GDPR has a much broader scope and has extraterritorial ramifications. It includes companies that are not citizens of any EU country.

How does GDPR affect Singapore registered companies?

Types of PD should my company protect under the GDPR

If the Singapore incorporated company collects and keeps personal information from clients, staff, or other EU citizens, one must abide by the GDPR guidelines.

The EU data security regulation typically refers to:

  • A European Union-registered firm.
  • corporation that is based in the EU gathers or uses personal data from EU citizens.
  • A company from outside the EU that collects or utilizes private information from Eu members.

There are some similarities and distinctions between the GDPR and the PDPA. The GDPR requirement is often larger than the PDPA’s. 

The GDPR safeguards the essential kinds of personal data:

  • Information on a user’s work performance
  • Financial information
  • Individual interests and opinions
  • Identity, location, and Identification number are all examples of basic identifiable details.
  • Web documents include information such as position or mobility data, IP addresses, cookie analytics, and RFID tags.
  • Information on healthcare and genetics
  • Biometric information
  • Information on race or ethnicity
  • Political viewpoints
  • Gender or sexuality

Data management principles to be followed to become GDPR compliant

The GDPR rules are relatively the same as the Singapore PDPA security strategy, however, they are more thorough and complex in several areas. Ensure your firm follows the essential European data privacy laws to be GDPR compliant.

  • Precision: Any incorrect or absent papers must be corrected or removed as soon as feasible. People have the freedom to demand that you destroy or correct inaccurate information about them, and you must comply within 30 days.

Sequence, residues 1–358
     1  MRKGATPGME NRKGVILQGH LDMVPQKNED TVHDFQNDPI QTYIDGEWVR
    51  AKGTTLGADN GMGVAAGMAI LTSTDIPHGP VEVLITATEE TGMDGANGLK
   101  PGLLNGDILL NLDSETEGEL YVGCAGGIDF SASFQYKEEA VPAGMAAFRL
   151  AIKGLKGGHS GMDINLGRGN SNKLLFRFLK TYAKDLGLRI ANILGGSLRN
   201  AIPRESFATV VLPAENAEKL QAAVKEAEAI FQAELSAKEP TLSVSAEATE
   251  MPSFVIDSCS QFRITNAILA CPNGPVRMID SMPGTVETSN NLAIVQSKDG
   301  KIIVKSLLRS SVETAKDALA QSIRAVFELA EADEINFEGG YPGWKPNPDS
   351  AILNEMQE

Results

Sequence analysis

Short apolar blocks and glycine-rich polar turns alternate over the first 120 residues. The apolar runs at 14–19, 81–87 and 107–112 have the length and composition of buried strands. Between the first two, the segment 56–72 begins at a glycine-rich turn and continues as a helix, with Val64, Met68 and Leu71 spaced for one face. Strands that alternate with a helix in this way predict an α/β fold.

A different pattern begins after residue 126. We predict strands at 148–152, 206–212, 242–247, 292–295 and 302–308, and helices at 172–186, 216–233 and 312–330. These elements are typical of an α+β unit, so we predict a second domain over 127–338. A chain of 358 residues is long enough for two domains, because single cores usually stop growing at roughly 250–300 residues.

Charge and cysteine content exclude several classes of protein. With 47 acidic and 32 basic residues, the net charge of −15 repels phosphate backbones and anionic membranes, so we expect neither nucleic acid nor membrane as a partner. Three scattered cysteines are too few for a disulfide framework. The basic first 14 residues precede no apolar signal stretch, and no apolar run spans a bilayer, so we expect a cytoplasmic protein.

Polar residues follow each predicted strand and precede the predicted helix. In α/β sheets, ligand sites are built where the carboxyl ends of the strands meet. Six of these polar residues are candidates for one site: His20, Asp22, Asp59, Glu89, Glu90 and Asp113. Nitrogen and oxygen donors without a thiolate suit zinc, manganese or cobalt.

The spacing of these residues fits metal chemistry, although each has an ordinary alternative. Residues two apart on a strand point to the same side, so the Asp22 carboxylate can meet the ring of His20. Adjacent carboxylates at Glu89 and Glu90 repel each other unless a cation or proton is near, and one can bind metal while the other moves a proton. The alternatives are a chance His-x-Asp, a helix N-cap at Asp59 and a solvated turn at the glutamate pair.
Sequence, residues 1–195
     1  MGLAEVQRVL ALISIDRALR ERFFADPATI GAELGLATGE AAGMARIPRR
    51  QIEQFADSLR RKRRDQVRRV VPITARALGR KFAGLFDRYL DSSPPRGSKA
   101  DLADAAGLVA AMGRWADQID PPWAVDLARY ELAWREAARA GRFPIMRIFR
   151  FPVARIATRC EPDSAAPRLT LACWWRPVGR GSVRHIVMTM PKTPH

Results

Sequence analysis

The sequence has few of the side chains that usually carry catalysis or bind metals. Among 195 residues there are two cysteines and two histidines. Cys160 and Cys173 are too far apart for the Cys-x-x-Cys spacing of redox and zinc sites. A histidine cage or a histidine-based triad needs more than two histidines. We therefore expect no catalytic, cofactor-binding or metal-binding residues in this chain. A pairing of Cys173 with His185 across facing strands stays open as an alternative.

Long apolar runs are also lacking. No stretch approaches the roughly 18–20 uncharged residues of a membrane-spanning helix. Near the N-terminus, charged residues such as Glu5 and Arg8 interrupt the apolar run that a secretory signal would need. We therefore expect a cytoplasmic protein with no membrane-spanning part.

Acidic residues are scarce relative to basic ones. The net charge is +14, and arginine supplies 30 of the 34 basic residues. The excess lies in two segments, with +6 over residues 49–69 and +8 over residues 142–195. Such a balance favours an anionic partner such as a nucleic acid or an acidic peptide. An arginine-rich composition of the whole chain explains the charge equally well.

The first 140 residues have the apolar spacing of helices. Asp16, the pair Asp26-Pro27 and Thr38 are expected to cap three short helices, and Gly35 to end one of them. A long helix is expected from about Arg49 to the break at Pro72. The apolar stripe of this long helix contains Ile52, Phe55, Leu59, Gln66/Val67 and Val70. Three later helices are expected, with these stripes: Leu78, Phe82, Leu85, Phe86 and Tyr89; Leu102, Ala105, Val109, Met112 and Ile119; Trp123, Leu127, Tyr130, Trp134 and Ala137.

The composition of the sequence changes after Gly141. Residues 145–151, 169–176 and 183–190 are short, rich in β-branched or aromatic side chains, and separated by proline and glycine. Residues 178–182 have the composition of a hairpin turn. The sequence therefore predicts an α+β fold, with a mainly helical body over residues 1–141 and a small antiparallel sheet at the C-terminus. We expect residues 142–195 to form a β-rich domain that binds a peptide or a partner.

• Space restrictions: When your team no longer requires personal information, it must remove it. For most circumstances, the timeframe isn’t specified. It relies on your company’s conditions and why you’re collecting this information.
  • Limitation of Purpose: Personal information must only be collected for a clear, stated, and legit reason by the organization. You must explicitly state the goal of this data collection and only gather data for as long as it is required to fulfill that objective.
  • Minimization of information: You must verify that the PD you handle is sufficient, appropriate, and confined to what is essential for analytical purposes.
  • Clarity, lawfulness, and equality: In relation to an individual who is the object of the information, your organization must collect personal information legitimately, equitably, and transparently.
  • Privacy and Authenticity: Utilizing suitable technical and institutional methods, you must keep PD secure against unlawful processing and accidental, as well as major accidents, theft, or destruction.

GDPR demands that the organization be able to show to regulators its compliance with the requirements, especially by demonstrating that the following measures are taken:

Transaction Documentation:

Companies with 250 or more workers must comply with this regulation. Such businesses must keep track of the information they process, including the reasons for the handling, the types of data they handle, who has exposure to it within their company, any intermediaries who have the knowledge, and what they’re doing to secure sensitive information, and when they plan to delete it.

Organizations with less than 250 employees are required to record routine but not occasional PD, that is, activities are done infrequently and are unlikely to pose a harm to persons’ rights and liberties or contain special category information.

A Data Protection Officer must be appointed:

This stage is required for businesses whose principal activities involve huge PD tracking, sensitive information processing, or information involved in criminal records and violations. Other businesses are advised to hire a DPO. This person should be an information protection expert. Managing GDPR compliance, identifying data security risks, consulting on privacy impact evaluations, and collaborating with authorities are all part of his or her responsibilities.